The Democrats’ 2020 nominating fight turned to South Carolina on Saturday for the first-in-the-South primary, with Joe Biden projected as the winner, halting the rise of national leader Bernie Sanders, who got second place.
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Voting began from the beginning with all the attention on Biden, who started out as one of the top favorites in this state, after three consecutive losses in Nevada, Iowa and New Hampshire.
Nearly eight of 10 voters in South Carolina said they have a favorable view of Biden, compared with five of 10 who see rival Sanders favorably, exit polls showed.
The polls also found about six of 10 of South Carolina voters said influential black congressman James Clyburn’s endorsement of Biden on Wednesday was a factor in their decision.
And about half want a candidate who will return to Democratic President Barack Obama’s policies, a key argument of Biden, who was Obama’s vice president.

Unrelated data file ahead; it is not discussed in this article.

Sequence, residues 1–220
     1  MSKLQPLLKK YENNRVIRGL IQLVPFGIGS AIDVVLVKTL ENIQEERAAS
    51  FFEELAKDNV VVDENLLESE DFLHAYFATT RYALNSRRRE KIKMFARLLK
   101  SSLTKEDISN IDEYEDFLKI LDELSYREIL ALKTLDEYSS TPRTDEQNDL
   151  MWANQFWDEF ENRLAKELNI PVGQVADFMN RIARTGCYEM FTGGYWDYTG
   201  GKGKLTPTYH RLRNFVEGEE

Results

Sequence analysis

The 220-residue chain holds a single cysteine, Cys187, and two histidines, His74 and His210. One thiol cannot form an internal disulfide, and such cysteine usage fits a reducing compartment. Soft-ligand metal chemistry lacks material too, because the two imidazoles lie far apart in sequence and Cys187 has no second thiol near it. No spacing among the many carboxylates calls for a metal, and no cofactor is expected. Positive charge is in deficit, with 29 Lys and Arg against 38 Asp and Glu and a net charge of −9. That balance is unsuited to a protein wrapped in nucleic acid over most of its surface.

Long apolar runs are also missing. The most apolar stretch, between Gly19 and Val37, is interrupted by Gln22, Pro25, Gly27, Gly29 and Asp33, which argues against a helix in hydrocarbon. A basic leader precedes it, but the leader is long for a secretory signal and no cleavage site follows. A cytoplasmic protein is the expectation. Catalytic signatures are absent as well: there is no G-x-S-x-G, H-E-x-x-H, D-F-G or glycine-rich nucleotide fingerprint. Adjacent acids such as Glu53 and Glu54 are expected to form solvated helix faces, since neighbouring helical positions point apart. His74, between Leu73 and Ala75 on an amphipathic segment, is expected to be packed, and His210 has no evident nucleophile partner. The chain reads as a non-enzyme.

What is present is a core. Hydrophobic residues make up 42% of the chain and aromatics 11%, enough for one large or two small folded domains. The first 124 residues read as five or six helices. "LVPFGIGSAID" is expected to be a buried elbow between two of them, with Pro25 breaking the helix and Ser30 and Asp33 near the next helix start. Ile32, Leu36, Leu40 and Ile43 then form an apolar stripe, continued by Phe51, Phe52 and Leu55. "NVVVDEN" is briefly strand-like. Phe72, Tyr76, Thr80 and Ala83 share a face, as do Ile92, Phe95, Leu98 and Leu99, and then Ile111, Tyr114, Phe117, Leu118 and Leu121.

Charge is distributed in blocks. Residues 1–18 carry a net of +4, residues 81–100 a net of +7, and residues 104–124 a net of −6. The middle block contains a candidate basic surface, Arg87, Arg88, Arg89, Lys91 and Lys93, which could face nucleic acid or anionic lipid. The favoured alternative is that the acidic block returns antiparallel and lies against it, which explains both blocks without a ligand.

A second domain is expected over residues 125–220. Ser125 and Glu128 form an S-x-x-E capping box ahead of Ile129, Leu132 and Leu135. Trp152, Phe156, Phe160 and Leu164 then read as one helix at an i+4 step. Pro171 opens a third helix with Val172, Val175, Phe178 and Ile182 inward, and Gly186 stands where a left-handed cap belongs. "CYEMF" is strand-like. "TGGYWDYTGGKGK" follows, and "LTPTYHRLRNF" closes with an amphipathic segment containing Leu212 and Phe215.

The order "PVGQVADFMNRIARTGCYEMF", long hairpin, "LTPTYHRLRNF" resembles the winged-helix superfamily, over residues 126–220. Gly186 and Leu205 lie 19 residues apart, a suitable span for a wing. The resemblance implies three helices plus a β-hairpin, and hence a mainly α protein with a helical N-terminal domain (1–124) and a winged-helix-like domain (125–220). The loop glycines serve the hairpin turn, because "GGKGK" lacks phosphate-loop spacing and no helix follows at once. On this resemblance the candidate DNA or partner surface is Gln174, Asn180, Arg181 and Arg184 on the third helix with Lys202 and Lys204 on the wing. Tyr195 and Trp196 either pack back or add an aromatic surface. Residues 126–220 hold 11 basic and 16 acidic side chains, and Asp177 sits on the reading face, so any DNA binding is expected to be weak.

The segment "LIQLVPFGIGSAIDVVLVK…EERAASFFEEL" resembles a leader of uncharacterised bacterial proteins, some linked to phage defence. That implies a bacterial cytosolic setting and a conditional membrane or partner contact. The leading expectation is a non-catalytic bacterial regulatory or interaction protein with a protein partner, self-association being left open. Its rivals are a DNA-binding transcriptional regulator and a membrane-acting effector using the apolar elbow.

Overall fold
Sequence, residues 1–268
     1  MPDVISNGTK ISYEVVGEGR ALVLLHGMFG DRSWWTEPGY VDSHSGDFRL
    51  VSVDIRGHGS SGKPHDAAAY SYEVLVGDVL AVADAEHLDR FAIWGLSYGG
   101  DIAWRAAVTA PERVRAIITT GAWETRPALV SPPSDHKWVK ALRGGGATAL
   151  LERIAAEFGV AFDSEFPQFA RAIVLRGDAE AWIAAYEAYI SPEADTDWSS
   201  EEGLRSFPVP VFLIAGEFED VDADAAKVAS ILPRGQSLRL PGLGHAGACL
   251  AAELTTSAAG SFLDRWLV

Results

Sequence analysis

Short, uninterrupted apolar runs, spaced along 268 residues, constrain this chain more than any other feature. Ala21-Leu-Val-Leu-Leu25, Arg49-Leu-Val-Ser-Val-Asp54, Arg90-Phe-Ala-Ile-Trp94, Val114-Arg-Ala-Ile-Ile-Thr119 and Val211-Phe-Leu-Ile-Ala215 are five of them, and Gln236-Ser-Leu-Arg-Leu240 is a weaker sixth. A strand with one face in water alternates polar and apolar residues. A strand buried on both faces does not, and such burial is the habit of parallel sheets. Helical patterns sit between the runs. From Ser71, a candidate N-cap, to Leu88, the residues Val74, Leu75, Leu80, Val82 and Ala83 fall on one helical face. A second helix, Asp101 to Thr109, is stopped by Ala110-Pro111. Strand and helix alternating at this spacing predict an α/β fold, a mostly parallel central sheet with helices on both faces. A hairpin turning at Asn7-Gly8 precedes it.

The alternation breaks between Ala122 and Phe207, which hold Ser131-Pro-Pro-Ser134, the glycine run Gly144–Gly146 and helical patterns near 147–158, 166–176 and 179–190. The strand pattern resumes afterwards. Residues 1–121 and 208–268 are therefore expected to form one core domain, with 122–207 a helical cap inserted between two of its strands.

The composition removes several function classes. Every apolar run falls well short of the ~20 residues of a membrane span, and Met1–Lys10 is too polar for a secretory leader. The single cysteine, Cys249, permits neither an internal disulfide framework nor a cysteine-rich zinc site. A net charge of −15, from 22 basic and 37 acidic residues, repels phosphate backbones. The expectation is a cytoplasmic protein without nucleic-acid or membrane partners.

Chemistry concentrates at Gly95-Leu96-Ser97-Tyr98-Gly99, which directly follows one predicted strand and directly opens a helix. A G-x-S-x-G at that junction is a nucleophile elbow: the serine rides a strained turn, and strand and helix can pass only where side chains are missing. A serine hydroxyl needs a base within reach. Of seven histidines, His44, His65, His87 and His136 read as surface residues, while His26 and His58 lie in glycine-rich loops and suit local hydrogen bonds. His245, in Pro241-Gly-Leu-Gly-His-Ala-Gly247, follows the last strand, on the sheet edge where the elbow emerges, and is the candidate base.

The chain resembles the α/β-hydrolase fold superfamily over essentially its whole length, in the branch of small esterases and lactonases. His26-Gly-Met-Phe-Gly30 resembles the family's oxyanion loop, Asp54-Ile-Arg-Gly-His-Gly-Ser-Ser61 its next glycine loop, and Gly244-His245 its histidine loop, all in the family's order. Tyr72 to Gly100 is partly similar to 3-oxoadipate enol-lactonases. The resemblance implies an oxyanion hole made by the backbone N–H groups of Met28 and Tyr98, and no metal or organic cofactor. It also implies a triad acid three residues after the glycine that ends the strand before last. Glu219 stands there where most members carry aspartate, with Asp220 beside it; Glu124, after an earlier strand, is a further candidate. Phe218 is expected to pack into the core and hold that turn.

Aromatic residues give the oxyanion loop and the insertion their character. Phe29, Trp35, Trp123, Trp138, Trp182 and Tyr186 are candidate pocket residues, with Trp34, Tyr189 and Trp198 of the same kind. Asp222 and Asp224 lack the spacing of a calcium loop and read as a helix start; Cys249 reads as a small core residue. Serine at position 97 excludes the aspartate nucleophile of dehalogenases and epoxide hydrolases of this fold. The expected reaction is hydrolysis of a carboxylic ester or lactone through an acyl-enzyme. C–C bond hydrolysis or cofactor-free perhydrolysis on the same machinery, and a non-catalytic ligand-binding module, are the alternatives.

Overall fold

The win gives Biden new momentum as the Democratic race to find a challenger to Republican President Donald Trump now broadens quickly, with Super Tuesday primaries that will award one-third of the available national delegates in a single day.
Sanders, a progressive U.S. senator from Vermont who had become the national front-runner, finished second in the state, although he still holds the national lead.Tom Steyer, a billionaire-turned-activist who spent heavily in South Carolina, appeared likely to finish third.
The importance of South Carolina, a state of 5.2 million people, lies in the fact that it is the first southern state to measure the real strength that the Democratic pre-candidates have in the southern region of the country.
Nearly 30% of the state’s population is Black and traditionally represent more than 60% of Democratic voters. However, Democrats in this state also tend to be moderate democrats rather than progressives, an important group for the Democratic candidate to win in general elections.
This vote was also key, as it was the last primary before the Super Tuesday next March 3, when 14 states will go to the polls. This day, it could be defined who will finally be the Democratic Party’s presidential candidate.
Meanwhile, in addition to what may happen on Super Tuesday, attention will also be focused on what may happen in Florida, another key state as 219 delegates are in play and whose primaries will be held on March 17.